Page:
An action video game released in early 2008 for the PC, XBox360 and Playstation 3. Also available in "Collector's Edition" form, which includes a bonus DVD as well as Devil May Cry: The Animated Series.
Devil May Cry 4, abbreviated as DMC4, is the fourth major release of Capcom's Devil May Cry series, often described as the progenitor of the "stylish action" genre.
Devil May Rock Faces
Devil May Cry, as a series, is the weak-plotted, stupendously badass story of Dante, red trenchcoat-wearing, gun-toting, sword-wielding, awful one-liner spouting, stylish half-demon son of the Legendary Dark Knight Sparda. In each game, some cheeky villain manages to get his paws on a magical amulet or sword that lets him begin opening the gate to the demon world, where the only things that aren't on fire are made of scythes and gross demon-pus. These antagonists' motivations range from satanic possession to overcompensation for erectile dysfunction (disclaimer: speculation not endorsed by Capcom), but Dante always saves the day, usually with the help of a scantily clad babe who tries to kill him halfway through the game.
Devil May Cry has distinguished itself as an exemplary series of games, touting a unique style and excellent gameplay. The mood and visual style of the game range from grotesque depictions of Hell on Earth (or Earth on Hell) to caffeinated death-metal-fueled violence of the most delightfully brutal persuasion. Gameplay focuses on stringing together the sweetest possible combinations of attacks, employing Dante's impressive repertoire of demon-slaying implements, from pistols that never run out of ammo to gauntlets made of hellfire to lightning guitars. The goal of Devil May Cry isn't just to kick ass, but to look totally awesome doing it.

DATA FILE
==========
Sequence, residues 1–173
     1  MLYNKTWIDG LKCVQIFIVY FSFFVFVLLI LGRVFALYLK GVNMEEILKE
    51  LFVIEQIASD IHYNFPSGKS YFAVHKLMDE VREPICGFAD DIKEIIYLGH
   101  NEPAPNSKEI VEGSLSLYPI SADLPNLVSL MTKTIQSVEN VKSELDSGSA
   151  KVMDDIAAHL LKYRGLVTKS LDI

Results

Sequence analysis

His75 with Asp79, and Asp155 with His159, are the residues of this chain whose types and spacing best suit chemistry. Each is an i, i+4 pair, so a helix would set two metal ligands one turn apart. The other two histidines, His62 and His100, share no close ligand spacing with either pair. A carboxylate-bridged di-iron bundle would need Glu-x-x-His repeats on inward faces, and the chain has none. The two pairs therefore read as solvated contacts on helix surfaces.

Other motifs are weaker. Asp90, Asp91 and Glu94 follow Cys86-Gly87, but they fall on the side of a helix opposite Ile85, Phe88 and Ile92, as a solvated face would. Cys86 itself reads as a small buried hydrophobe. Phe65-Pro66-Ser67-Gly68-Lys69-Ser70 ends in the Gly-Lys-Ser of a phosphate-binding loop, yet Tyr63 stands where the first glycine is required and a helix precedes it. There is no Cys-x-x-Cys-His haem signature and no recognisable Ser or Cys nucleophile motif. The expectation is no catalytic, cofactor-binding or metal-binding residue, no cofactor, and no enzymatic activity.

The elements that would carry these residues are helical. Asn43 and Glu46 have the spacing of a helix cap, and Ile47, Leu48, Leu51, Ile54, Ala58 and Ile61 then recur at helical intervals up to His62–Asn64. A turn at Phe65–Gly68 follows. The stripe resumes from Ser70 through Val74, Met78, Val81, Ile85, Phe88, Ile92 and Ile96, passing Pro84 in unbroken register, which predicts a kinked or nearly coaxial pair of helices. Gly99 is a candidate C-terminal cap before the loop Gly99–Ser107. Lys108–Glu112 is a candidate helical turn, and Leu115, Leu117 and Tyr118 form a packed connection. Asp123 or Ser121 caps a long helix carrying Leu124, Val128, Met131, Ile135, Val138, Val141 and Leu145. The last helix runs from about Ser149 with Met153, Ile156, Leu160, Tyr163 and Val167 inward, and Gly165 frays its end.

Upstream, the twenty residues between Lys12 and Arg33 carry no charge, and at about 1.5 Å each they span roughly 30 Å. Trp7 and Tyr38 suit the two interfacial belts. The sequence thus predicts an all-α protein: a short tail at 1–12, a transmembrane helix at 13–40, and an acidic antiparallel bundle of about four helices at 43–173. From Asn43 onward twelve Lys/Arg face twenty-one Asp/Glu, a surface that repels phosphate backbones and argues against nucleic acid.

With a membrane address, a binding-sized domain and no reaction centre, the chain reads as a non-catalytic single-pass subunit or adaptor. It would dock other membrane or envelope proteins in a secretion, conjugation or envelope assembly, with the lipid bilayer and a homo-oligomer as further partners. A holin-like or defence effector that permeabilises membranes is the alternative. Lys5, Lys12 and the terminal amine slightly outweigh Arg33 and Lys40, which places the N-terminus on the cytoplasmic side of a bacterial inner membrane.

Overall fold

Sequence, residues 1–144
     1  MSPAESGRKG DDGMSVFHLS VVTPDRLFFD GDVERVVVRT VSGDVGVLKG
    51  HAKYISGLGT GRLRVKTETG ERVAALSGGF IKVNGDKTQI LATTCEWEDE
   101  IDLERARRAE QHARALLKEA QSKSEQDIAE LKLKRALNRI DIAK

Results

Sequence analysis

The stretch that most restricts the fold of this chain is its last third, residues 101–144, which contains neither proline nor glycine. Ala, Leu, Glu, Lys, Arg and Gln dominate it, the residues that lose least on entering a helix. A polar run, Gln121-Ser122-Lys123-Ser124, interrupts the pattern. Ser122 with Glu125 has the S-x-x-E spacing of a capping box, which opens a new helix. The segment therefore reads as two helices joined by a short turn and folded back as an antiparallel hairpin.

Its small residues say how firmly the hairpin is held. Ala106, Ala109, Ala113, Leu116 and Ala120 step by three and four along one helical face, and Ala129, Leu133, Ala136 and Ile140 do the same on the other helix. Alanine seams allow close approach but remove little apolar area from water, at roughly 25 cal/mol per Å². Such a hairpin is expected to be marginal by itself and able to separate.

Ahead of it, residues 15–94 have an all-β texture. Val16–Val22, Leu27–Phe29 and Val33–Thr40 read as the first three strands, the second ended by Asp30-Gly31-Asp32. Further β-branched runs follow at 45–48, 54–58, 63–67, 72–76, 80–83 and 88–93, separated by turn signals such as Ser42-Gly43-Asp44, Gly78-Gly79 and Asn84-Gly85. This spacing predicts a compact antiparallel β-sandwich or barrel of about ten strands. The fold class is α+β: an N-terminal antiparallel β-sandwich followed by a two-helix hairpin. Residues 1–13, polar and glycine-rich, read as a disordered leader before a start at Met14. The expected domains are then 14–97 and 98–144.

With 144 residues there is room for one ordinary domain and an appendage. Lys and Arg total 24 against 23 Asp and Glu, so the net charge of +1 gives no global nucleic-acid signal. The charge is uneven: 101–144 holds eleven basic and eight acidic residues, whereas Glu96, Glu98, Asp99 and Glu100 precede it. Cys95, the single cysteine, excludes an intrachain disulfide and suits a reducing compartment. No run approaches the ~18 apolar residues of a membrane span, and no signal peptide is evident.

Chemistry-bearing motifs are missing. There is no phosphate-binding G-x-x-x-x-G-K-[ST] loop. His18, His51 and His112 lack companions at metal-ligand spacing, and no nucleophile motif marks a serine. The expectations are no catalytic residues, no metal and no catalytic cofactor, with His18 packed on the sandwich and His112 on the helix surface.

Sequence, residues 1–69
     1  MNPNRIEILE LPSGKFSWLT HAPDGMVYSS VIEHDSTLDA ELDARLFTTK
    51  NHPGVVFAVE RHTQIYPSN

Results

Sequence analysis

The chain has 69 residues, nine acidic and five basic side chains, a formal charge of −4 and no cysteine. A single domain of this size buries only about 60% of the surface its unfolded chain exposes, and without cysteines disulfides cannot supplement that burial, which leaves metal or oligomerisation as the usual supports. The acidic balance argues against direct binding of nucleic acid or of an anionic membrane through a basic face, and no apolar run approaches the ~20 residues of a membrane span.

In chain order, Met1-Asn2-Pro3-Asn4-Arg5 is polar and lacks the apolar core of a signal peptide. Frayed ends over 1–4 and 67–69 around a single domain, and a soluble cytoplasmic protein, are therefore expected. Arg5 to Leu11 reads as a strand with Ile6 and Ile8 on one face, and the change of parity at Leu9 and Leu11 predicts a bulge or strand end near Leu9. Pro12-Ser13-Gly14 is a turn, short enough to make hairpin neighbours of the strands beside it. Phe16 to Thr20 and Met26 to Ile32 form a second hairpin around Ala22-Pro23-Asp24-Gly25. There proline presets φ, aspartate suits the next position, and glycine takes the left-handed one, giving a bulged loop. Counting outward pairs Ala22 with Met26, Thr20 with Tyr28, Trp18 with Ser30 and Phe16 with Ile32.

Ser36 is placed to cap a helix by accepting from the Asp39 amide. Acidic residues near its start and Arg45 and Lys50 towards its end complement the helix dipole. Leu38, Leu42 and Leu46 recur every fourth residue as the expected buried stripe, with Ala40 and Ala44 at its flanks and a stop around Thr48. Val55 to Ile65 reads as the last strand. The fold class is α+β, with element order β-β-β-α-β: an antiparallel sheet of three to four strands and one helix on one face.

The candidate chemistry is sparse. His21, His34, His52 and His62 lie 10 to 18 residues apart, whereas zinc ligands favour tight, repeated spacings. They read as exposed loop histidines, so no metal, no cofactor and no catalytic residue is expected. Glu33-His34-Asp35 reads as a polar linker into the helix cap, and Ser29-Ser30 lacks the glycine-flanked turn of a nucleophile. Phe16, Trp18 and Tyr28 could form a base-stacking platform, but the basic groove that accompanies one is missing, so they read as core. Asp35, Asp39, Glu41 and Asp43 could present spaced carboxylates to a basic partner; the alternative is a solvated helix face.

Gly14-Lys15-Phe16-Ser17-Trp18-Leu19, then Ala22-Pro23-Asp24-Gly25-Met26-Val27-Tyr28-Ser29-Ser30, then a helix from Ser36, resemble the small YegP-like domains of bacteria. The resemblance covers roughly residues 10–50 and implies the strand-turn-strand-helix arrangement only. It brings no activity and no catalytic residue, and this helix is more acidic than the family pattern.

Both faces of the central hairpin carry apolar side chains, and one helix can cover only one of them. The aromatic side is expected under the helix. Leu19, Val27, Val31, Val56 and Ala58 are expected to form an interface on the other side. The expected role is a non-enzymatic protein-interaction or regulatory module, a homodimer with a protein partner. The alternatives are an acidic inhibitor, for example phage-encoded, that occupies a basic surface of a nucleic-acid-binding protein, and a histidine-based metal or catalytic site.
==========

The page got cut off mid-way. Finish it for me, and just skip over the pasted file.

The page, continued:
Dante & Nero
The most notable change in DMC4 is the addition of Nero as protagonist. While visually similar to Dante, he is an altogether different character in both personality and gameplay style. Unlike Dante, who in this game has access to 45 different combinations of weaponry and movesets, Nero possesses a strict economy of moves, much like Dante as he appeared in the original DMC.
Additionally, Dante now sports a manly five-o'-clock shadow, and a gruffer exterior that forces him to end every other sentence aimed at Nero with "kid". Nero's youthful, brooding melodrama is offset by Dante's flippant insults and casual approach to all things apocalyptic.